That takes us to the type of thing that Felipe and I are doing with "All-New Ghost Rider," which is an amalgamation of the two: A brand new character within the realm of a pre-existing property. It has a taste of the difficulties of both options, but also a taste of the benefits. It's a unique beast to wrestle with, but I've enjoyed the process and am honored to have been given the opportunity!

Let's talk about a little bit about your new character Robbie Reyes. From reading other interviews he sounds like a teenager with a passion for cars and electronic music, but a lot of rage because of the East Los Angeles environment he's growing up in. Is that a fair assessment? And when we first meet him how is Robbie coping with his rage issues? Does he simply lose control when confronted with situations he doesn't like and feels powerless in? Or is he a more jaded and cynical kid that's almost always angry? Tradd, which aspects of Robbie's character did you you want to emphasize and convey with your depictions of him?

Moore:Yeah, that first bit about Robbie being a teenager with a passion for cars and electronic music is right on the money, and, yes, he absolutely loathes the violent, gang ridden area he lives in.

That said, when we first meet Robbie, he's not struggling with self control issues; not outwardly, at least. He's angry, yes, very much so, but it's an anger that seethes under the surface. He's fed up. Robbie isn't the type to fly off his rocker, though, he's calculated; he knows how and when to choose his battles. I don't know that I'd label him a jaded cynic either. Distrustful, sure, but not hopeless. We're dealing with a young man who's come up in a harsh environment, and therefore has an understandably harsh outlook. Life is hard, life is cruel, and he's never known it any other way. He's a realist. Life is what it is, and he deals with it.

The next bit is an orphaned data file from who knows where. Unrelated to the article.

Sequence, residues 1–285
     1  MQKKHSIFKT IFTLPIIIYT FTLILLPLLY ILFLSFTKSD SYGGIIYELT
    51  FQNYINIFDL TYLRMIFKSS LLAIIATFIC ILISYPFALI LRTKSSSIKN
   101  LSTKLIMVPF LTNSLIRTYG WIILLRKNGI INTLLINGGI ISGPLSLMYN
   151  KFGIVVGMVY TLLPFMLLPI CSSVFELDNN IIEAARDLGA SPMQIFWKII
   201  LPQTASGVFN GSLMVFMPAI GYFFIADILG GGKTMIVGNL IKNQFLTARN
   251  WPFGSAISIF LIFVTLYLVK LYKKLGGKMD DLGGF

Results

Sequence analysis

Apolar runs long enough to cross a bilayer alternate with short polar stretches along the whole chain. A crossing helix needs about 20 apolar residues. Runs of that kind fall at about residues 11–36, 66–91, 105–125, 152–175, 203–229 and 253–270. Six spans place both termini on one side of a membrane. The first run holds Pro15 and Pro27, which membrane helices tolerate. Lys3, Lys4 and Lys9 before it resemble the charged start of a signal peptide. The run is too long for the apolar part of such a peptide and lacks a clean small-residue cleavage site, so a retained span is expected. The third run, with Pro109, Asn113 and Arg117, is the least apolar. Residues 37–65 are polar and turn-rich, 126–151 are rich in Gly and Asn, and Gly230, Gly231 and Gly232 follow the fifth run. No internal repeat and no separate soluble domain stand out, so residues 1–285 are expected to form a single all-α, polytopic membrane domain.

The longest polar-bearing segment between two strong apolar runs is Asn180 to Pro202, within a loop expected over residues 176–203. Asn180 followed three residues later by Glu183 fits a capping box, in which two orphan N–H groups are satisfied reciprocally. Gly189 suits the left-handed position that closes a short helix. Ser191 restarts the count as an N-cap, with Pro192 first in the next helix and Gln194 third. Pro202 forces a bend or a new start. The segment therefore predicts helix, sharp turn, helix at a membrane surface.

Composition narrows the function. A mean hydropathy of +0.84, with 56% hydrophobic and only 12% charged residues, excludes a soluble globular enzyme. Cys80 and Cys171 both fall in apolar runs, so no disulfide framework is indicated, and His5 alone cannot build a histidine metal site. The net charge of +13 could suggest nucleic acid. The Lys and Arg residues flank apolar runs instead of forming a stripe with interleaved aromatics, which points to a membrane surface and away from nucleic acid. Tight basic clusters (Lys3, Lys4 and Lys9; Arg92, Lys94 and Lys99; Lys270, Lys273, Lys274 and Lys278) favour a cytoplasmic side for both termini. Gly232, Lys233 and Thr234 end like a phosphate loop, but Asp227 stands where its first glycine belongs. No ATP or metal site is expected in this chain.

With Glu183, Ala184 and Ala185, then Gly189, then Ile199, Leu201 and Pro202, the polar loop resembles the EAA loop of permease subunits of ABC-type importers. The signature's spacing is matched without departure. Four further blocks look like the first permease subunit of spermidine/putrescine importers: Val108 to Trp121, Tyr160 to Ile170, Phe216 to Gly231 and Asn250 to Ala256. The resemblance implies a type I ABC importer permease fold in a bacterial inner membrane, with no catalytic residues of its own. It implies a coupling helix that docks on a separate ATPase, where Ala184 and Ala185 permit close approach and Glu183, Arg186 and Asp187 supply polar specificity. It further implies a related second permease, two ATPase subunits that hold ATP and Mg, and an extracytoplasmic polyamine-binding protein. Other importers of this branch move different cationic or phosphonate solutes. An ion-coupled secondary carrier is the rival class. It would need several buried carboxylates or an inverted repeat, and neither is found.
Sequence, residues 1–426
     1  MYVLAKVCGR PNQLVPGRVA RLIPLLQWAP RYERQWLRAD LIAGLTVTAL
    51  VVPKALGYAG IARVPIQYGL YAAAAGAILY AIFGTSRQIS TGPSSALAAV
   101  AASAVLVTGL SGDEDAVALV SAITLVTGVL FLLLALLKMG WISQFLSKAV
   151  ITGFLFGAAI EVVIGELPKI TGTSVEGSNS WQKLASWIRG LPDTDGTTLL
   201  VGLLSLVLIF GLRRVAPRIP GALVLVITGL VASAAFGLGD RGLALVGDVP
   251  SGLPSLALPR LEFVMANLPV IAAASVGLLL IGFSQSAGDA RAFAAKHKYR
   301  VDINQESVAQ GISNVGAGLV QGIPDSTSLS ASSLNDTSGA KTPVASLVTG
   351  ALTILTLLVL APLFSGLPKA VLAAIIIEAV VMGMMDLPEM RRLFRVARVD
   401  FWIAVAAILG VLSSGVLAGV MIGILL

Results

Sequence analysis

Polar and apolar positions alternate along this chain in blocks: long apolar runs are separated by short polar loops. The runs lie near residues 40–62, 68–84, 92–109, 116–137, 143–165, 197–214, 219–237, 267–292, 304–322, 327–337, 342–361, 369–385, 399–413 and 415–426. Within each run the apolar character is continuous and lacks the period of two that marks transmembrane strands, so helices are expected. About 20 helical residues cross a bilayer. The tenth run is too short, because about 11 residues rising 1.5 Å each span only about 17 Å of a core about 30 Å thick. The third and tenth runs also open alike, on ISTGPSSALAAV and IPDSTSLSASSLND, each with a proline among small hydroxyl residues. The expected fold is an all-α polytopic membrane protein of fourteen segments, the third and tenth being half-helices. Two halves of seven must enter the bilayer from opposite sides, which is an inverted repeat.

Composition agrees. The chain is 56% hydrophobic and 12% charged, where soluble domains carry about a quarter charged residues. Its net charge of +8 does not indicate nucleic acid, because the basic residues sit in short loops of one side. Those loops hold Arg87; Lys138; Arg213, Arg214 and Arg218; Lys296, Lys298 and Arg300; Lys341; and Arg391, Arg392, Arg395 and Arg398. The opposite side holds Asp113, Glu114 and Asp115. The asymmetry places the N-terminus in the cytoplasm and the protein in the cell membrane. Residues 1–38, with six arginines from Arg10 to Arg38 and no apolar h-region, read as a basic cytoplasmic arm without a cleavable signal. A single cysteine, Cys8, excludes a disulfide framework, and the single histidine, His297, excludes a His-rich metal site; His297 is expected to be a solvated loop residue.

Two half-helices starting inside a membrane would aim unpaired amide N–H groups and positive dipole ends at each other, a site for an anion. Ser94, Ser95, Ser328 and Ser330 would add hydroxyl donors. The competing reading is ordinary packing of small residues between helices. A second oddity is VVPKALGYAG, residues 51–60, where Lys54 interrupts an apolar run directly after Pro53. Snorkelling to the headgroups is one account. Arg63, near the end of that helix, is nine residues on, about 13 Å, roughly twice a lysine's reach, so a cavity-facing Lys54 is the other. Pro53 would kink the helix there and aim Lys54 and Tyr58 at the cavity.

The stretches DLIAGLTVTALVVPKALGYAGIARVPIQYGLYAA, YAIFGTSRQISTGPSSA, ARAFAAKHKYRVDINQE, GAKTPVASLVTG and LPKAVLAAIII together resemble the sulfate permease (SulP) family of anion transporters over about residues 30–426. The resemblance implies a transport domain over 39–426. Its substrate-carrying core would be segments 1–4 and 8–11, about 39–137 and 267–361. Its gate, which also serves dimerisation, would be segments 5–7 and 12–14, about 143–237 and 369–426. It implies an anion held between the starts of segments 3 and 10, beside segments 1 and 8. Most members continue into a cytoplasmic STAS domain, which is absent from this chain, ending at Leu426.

It's not that he's necessarily looking to lash out so much as he wants to get out, but I think he'd likely do the first to get the second. His love for his little brother, Gabe, and his all-consuming desire to build a better life for Gabe is what informs his decision making. I think this Nietzsche quote sums up Robbie's situation quite nicely, "He who has a why to live can bear almost any how." Gabe is Robbie's "why."

As for me, I think my favorite aspect of Robbie is his sense of responsibility. He is fiercely headstrong, hardworking, and resilient, and I love that about him. He works, he goes to school, he takes care of his little brother. That's his life. He foregoes a lot of the frivolous joys that your average teenagers indulge in in order to make his little brother's life as comfortable as possible. Something that I always try to get across with Robbie is that, beyond the contemptuous grimace he wears in public, there is an extraordinarily passionate, devoted, caring young man veiled underneath. Fear, love, anger, kindness, it's all boiling within him and ready to E-X-P-L-O-D-E.

Smith: Robbie Reyes is decidedly an angry teen, but he has no rage issues even though we'd understand if he did. He's been dealt a pretty bad hand from the get-go, having lost his parents at a very early age, left to singlehandedly care for his handicapped younger brother Gabe, but Robbie's learned to keep his anger deep within and deal with the hardships immediately at hand.

He's not your average 18-year-old. He's a strong-willed, weathered and resilient kid; but yes, he's very angry inside. His unconditional love for his little brother keeps him centered and focused on his sole purpose, getting them both out of the gangland they live in. Undeniably tough for his age, both mentally and emotionally, Robbie is neither jaded nor cynical; he's pragmatic, and willing to do whatever it takes to care for his younger sibling.